Peter Aykroyd, an Emmy-nominated former cast member and writer on “Saturday Night Live,” has died. He was 66.
His passing was confirmed on Saturday’s Simu Liu-hosted episode of the seminal sketch comedy series, as well as via a post on NBC’s official “SNL” Twitter account. His official cause of death has not been disclosed at this time.
The on-air tribute came in the form of Schiller short film that Aykroyd starred in: “The Java Junkie.” The classic noir parody featured Aykroyd as an over-caffeinated character buzzing around town to fix his coffee addiction. An ending title card pays tribute to the late actor.
Aykroyd was born on Nov. 19, 1955 and was raised in Ottawa, Canada, according to his official IMDB bio. Following in his brother Dan’s funny guy footsteps, he launched his comedy by joining the iconic Second City comedy troupe in Toronto after playing small screen roles in “SCTV” and “The New Avengers.”
Aykroyd joined “SNL” in 1979, juggling duties as both a writer and featured player. He earned a shared Emmy nomination in the category of outstanding writing in a variety or music program during his one-year stint at the show.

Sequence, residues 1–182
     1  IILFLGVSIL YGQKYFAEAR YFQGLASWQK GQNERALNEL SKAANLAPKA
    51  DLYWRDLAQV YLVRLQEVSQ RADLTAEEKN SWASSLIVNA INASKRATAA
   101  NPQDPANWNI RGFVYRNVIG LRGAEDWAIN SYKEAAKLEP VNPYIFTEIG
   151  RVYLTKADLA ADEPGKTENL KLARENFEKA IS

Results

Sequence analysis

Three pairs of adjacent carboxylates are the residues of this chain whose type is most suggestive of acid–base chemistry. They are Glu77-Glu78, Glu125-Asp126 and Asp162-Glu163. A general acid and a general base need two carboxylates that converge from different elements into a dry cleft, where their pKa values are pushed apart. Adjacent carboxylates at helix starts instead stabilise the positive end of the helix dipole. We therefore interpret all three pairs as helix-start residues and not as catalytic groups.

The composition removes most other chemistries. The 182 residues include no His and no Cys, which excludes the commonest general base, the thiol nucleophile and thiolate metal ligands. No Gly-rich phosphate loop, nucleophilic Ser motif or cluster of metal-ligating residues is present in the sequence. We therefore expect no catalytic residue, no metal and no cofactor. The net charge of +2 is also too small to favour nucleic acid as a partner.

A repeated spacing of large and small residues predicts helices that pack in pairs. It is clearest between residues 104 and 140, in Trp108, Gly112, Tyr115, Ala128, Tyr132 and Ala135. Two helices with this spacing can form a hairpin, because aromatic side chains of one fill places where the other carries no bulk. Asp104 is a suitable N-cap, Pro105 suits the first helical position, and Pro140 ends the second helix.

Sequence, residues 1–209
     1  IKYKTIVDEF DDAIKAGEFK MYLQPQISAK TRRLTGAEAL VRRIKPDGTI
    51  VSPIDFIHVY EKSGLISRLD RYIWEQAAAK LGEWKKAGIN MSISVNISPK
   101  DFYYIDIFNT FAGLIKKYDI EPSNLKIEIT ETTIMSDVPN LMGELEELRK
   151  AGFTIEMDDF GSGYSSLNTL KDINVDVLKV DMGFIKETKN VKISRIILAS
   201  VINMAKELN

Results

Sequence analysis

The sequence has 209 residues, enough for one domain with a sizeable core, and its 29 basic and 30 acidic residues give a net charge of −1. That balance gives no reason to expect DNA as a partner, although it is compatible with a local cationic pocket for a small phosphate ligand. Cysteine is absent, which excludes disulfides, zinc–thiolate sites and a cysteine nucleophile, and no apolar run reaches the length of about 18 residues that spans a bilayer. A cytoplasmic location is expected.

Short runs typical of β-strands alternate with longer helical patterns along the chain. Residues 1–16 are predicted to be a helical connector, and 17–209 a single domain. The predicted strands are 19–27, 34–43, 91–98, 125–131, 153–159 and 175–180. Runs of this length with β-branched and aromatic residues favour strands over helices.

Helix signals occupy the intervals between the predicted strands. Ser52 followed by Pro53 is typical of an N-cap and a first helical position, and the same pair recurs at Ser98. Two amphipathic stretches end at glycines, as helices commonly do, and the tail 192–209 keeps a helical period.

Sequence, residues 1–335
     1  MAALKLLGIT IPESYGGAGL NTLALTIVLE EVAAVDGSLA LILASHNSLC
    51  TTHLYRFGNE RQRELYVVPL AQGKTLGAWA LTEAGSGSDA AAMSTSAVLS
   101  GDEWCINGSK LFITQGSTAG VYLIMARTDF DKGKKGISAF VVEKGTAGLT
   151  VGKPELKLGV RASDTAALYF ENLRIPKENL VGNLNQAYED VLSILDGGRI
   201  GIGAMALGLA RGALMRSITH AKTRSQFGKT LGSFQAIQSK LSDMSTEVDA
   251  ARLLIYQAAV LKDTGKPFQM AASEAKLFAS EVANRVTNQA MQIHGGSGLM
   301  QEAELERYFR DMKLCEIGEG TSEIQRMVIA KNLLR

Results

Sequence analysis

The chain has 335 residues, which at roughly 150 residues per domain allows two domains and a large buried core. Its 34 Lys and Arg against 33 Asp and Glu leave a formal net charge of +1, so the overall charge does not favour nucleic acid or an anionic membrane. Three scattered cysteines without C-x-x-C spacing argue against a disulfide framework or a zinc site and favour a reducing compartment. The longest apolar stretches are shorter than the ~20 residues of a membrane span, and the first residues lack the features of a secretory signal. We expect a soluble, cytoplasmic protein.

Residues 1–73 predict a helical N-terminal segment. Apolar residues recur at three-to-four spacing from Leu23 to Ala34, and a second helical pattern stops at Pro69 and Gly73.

Aykroyd worked with his brother throughout his career, filling featured roles in film’s such as 1983’s “Doctor Detroit,” 1993’s “Coneheads” and 1997’s “Dragnet.” Offscreen, Peter and Dan co-wrote the ill-fated 1991 comedy “Nothing but Trouble,” co-starring Demi Moore, Chevy Chase and John Candy.
In 1996, Aykroyd stepped further behind the camera to co-create the Canadian sci-fi series “PSI Factor: Chronicles of the Paranormal.” Hosted by his brother Dan, the series ran four-seasons.
In 1997, he performed a voice role on the “The Blues Brothers” animated series alongside Jim Belushi. The duo took on the legendary roles originated by their respective brothers, Dan and John, on “SNL” and in the 1980 John Landis feature film.
Aykroyd’s last credited role as an actor was in the 1999 TV movie “Justice” starring James Belushi, Charles Durning and JoBeth Williams.
In 2009, Peter published a supernatural book — with an introduction by his brother — titled “A History of Ghosts: The True Story of Seances, Mediums, Ghosts, and Ghostbusters.”